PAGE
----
Subic Bay Metropolitan Authority Chairman Wilma Eisma said on Wednesday that several ‘white knights’ may yet rescue Korean shipbuilder Hanjin’s Philippine unit, which could help thousands of Filipinos from losing their jobs in the debt-saddled firm.
Authorities said that Hanjin could be forced to keep only 300 of its 3,000 workforce if the company fails to secure funding for further orders.
Eisma said that, meanwhile, the government is offering 25,000 jobs from 115 companies in a job fair aimed at helping Hanjin workers.
But Eisma said “credible discussions” are ongoing to rescue Hanjin, which filed for rehabilitation before an Olongapo City court last January, as it reeled from a slowdown in global shipping.
According to Esima, the ‘rescuers’ include “several” Europeans and one North American firm.
She added that Hanjin is “very sensitive” to concerns raised about the possible entry of a Chinese investor.
Eisma said a potential investor is currently in Subic doing due diligence on Hanjin. She did not identify the company.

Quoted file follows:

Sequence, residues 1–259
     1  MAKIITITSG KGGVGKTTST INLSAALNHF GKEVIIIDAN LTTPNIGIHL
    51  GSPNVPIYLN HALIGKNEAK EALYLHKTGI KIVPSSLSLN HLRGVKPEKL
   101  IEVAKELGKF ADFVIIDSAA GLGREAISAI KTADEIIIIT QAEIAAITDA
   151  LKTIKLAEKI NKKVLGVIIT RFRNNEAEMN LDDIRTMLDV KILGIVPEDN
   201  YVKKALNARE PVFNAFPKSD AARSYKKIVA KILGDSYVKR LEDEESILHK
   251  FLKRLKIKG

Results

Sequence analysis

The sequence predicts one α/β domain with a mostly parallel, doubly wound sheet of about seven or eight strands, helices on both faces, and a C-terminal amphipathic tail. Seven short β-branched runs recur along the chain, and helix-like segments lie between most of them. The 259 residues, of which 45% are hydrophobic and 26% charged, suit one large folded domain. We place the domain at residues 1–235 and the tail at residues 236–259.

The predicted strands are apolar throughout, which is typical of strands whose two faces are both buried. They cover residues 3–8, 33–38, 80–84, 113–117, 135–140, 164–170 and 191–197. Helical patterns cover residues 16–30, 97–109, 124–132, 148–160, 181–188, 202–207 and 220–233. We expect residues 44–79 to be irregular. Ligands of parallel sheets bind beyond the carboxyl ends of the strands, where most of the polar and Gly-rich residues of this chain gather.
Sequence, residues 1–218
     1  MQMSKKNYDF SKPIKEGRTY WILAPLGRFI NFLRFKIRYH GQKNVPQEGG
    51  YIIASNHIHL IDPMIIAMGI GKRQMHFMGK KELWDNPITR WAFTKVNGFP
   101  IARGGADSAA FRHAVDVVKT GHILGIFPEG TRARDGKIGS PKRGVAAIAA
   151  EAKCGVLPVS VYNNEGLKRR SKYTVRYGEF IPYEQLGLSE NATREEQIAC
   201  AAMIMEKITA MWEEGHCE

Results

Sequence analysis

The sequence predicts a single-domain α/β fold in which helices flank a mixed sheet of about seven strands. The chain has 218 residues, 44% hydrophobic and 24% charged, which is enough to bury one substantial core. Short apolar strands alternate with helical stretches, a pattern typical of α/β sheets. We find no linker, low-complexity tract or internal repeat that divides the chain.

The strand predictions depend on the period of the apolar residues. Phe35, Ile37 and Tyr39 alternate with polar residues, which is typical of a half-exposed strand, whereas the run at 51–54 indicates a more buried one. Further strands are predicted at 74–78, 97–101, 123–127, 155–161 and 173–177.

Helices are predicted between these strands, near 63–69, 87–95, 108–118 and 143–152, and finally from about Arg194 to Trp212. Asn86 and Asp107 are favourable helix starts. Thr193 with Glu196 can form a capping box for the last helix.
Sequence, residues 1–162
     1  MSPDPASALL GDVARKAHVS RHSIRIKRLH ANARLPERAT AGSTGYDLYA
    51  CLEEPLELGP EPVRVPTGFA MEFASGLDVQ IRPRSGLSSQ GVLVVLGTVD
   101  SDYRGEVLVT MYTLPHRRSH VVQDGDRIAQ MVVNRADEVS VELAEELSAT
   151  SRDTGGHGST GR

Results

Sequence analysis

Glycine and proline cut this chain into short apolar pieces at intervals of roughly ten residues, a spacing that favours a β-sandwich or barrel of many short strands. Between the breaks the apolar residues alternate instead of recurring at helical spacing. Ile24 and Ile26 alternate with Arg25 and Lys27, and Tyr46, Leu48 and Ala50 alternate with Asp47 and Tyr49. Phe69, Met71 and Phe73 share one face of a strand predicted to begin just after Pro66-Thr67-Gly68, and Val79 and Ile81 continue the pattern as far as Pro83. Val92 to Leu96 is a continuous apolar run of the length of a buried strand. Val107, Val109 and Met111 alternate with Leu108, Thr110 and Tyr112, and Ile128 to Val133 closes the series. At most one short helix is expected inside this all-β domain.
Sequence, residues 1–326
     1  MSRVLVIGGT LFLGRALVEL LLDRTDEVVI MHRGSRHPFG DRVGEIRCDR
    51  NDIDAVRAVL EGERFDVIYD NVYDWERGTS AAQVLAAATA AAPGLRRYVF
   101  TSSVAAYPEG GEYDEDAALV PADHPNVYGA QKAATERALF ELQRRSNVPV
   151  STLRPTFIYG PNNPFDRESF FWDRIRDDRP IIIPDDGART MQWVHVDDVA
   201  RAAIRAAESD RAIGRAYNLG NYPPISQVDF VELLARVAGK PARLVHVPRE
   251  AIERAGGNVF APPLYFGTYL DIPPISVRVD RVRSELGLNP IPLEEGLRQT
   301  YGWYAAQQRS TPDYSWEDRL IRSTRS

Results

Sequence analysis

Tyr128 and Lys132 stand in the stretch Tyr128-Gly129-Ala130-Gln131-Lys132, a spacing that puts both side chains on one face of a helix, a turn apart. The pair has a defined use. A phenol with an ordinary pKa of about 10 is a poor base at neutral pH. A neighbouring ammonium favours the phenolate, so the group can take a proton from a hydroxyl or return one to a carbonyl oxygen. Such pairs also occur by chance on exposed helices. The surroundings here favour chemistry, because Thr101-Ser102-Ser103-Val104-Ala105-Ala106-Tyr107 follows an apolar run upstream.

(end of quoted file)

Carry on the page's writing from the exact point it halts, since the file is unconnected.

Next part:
“As soon as the last ship is delivered, we’re afraid Hanjin has to let go all its remaining employees, up to 3,000, and only 300 will remain for regular operations and accept repair orders,” Eisma said.
She added that Hanjin is finding it difficult to get loans to finance orders, for which it has received down payments. At the time of the rehabilitation filing, it still had six pending orders.
“We are doing our very best to ensure they will not be displaced when Hanjin finally folds should a white knight not be immediately available by the time that last ship is delivered,” she said, referring to the firm’s employees.
She added that should Hanjin close, the country could lose its status as the world’s 5th biggest shipbuilder.